Hope Jahren is a geobiologist, studying mostly trees and other plant life. Currently a tenured professor in Hawaii, Jahren looks back on her life in the sciences, starting with her father, a science teacher, taking her to his lab at night and letting her use any equipment she wanted while he worked silently. As a graduate student, Jahren meets Bill, a loner who claims he moved out of his parents’ place at age twelve to live in a hole in the back yard, which he rigged up with electricity and carpeted. Together, in Lab Girl, readers see Jahren and Bill develop a friendship centered on lab work interspersed with short chapters with plant facts.
Lab Girl may be a hard sell because it will attract a certain kind of reader, who is interested enough in science to get through longer descriptions of how a mass spectrometer works, but can also empathize with two weirdos. Those oddballs, Jahren and Bill, are the heart of Lab Girl. The book prioritizes two people we may not normally meet: a bipolar woman in the sciences and a man spending years homeless and alone because it suits his scientific pursuits. Jahren and Bill are a man and woman in a platonic friendship that never crosses the line into something flirty or romantic. People who live non-traditional lives by choice — skipping stability, romance, children, and social lives — are not prioritized in our communities, and Jahren gives voices to the countless people whose families eyeball them at Thanksgiving, wondering when they’re going to finally be like everyone else.
While there is a lot of humanity in Lab Girl, you also get science and how it is treated in the U.S. For instance, Jahren explains how new professors are funded for about three years by a college, which gives them time to build something and apply for their own grants. If the new scientist fails to get a grant, things are pretty much over. Especially challenging for Jahren is that she works in what is dubbed the “curiosity sciences,” meaning the end goal is not to come up with a life-saving medicine or produce something that can be marketed and sold. Thus, the funding for these folks is limited and competitive. Beyond money, the chapters explaining plant life make you appreciate that you are walking on millions of seeds, and that seeds must take a gamble and decide the place and time during which they sprout roots will be a good bet for decades. By personifying plants just a smidgen, the author makes the science more relatable to readers who are not especially well-educated, or maybe even uninterested, in the sciences.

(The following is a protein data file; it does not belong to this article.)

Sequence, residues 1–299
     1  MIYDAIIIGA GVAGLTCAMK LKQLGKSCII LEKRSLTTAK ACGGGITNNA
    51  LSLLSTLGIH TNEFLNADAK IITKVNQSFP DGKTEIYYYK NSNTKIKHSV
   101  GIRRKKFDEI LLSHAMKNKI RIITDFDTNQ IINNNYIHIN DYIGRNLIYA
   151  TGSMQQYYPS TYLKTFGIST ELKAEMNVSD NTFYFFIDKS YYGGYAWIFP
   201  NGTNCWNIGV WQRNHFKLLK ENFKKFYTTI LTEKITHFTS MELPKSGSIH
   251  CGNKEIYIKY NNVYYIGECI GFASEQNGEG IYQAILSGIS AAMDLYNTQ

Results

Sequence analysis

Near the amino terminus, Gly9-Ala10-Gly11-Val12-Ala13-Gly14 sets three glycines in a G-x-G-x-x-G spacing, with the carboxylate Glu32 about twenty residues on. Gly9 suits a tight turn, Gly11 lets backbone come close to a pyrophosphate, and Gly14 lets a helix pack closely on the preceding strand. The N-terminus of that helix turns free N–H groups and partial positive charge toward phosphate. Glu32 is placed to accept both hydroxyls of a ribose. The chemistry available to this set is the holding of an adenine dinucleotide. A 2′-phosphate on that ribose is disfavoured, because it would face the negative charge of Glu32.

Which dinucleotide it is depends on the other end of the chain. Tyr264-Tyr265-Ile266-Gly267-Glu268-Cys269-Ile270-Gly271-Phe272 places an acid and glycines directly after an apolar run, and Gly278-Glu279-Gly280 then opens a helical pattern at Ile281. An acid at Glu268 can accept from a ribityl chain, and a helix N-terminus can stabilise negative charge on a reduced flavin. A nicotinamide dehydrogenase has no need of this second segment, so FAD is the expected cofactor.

Even if you’re not familiar with earth sciences, Lab Girl can start a conversation. Biscuit, Lou @ Lou Lou Reads, and I got together on video to talk about Jahren’s book. We discussed the benefits of government funding provided to the “curiosity sciences,” which led to discussions about the function of art grants. If something can’t be sold to recoup the cost to research it, and it can’t save lives, should the public fund it? Later, Lou, who is a trained nurse and proud holder of a PhD, talked more about the personalities of folks in the sciences and the way Jahren and Bill may seem strange to readers, but reflect a different sort of personality common to STEM folks. Another important conversation involved Jahren’s choice to have a baby despite having to stop taking necessary anti-psychotics that mitigate symptoms of bipolar disorder. Rather than asking if she should have a baby, we talked more about how people can support someone with mental health challenges who want to start a family.
All in all, the various facets of Lab Girl will appeal to different types of readers, so if one section seems boring, you can power through and get back to the people. If you’re looking for a science text, you may not enjoy Jahren’s descriptions of human issues, and in fact, you may enjoy Limber by Angela Pelster better. Biscuit called Lab Girl dry many times, even sending me a GIF of someone coughing up dust, but then grew to like the book, which I thought might be the case. The examples she gave of why the book is dry were so hilarious in the telling, but that perhaps says more about Biscuit than Jahren.